Chelsea Soapbox: beaten but not humbled by Blues



In a model of even-handed match reporting, Pete Sixsmith praises what Sunderland did well, puts aside disappointment that we could not quite rise to the occasion and do better and salutes a powerful display by the Champions in general – one José Bosingwa da Silva excluded – and one man, Nicolas Anelka, in particular …

As games go, it was a good one. There was plenty of exciting and attacking football, some poor defending, controversial refereeing decisions and a sublime performance from one player. The pity was that we lost it.

These are the games where we measure our progress. Too many times in the past, we have come up against one of the very good sides at the top of the League and we have been rolled over. So, on that criterion, we have advanced. We were beaten, but Chelsea did not swamp us.

Had it been a boxing match, Harry Carpenter or Eamonn Andrews would have said that we slugged it out toe to toe with the Champ until his (their) superior strength and technique showed in the second half of the fight.

We left ourselves wide open after striking the first blow. Bardsley’s goal was a belter, not just the finish across Cech, but the run and the sidestep, which were reminiscent of Micky Gray or Lennie Ashurst at their best.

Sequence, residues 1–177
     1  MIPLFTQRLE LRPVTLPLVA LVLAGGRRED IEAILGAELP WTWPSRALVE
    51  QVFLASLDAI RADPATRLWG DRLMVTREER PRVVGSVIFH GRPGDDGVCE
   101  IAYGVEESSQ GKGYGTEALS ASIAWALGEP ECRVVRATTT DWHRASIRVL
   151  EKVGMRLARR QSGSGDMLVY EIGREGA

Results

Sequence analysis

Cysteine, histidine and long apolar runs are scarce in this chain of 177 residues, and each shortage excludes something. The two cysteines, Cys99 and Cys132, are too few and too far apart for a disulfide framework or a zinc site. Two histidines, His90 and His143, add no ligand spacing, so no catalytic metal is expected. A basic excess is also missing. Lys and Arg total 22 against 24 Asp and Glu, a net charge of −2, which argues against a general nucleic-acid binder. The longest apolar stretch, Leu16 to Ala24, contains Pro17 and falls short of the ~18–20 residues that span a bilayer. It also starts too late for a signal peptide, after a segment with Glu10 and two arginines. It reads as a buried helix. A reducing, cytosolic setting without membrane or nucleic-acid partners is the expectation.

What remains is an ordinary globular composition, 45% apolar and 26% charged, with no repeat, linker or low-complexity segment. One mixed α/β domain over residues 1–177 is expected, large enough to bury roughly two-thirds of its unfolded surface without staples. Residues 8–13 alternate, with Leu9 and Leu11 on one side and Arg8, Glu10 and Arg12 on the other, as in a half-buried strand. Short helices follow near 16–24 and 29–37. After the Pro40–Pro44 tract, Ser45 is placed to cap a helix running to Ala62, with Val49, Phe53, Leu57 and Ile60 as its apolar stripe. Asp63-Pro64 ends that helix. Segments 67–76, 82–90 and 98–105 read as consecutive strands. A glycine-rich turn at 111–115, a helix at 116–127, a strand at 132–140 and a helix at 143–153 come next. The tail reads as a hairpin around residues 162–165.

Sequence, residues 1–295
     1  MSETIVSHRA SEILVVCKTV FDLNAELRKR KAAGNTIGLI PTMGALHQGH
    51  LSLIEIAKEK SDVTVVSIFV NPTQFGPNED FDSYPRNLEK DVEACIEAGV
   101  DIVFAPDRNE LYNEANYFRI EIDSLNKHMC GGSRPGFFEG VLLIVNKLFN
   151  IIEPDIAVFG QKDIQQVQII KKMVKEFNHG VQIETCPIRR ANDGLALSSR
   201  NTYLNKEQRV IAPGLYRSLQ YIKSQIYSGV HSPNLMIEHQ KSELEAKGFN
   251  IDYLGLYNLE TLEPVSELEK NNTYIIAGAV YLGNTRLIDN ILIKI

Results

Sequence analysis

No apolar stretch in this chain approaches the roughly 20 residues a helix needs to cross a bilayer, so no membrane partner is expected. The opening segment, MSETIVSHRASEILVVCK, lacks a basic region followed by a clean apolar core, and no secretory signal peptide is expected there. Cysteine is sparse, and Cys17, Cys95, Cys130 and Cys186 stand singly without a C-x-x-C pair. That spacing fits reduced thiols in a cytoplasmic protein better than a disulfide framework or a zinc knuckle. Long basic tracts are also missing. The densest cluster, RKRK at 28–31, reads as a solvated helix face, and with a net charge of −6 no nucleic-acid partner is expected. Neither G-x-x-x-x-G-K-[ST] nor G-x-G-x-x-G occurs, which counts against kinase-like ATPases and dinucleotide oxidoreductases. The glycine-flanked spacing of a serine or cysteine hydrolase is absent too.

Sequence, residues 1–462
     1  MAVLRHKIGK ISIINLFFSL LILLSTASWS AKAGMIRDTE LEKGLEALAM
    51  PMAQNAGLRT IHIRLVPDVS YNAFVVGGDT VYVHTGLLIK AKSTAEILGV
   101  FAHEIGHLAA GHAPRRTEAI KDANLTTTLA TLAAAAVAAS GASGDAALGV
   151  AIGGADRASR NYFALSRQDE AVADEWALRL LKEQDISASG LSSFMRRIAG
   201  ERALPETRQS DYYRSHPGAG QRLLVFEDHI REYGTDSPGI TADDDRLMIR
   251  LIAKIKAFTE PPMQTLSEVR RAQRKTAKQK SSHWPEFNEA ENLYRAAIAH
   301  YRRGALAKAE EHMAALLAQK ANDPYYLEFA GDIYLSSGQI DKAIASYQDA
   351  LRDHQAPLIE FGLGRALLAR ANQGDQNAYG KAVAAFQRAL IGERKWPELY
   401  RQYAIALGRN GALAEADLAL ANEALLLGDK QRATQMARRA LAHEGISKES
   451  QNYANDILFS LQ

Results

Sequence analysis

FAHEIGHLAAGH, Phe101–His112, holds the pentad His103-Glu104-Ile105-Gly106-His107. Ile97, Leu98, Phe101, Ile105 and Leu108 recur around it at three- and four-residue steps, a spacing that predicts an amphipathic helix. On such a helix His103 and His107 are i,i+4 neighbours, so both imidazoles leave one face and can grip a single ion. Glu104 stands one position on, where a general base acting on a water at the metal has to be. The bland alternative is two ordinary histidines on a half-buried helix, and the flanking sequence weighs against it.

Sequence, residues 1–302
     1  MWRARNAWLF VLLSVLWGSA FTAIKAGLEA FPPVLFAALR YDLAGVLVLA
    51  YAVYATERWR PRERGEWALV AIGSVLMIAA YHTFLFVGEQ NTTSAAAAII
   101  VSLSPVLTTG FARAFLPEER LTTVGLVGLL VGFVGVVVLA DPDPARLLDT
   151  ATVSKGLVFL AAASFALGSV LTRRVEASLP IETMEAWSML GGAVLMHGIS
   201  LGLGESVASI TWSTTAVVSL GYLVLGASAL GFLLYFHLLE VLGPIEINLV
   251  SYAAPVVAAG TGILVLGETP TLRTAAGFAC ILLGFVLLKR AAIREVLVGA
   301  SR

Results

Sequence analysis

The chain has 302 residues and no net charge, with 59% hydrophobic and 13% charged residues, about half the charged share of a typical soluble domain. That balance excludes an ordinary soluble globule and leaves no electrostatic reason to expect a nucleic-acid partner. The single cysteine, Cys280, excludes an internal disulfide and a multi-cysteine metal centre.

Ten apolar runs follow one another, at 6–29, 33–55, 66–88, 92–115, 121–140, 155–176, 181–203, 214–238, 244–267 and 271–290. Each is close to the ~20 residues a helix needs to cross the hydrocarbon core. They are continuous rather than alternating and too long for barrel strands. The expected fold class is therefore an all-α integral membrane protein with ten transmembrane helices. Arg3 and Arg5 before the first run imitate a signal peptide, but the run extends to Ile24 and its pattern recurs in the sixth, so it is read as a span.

He is by far the most improved player in the club and is a great advert for the virtues of the typical English player; what he lacks in technique he makes up for with sheer effort and concentration. Compare him with the wretched Boswinga – all style and no substance!!
Phil Bardsley - Sunderland - Premier LeagueAddick-tedKevin

We then proceeded to give Chelsea two goals. The first one came when Elmohamady, his mind presumably on events in his homeland, decided to climb all over Ashley Cole. Down he went and in went Lampard’s penalty.

It galvanized the Blues and a terrific pass from Anelka put Kalou in. Indecision between Gordon and Ferdinand meant that Gordon came too far off his line and the ball trickled into the net. Game over we thought.

Not a bit of it. Elmo made up for his attempt to mount Cole with a sparkling run which resulted in him being brought down on the edge of the box. Up stepped Kieran Richardson to send a low free kick past Cech to level. Four goals in half an hour and the prospect of more to come made the half time apple that much sweeter.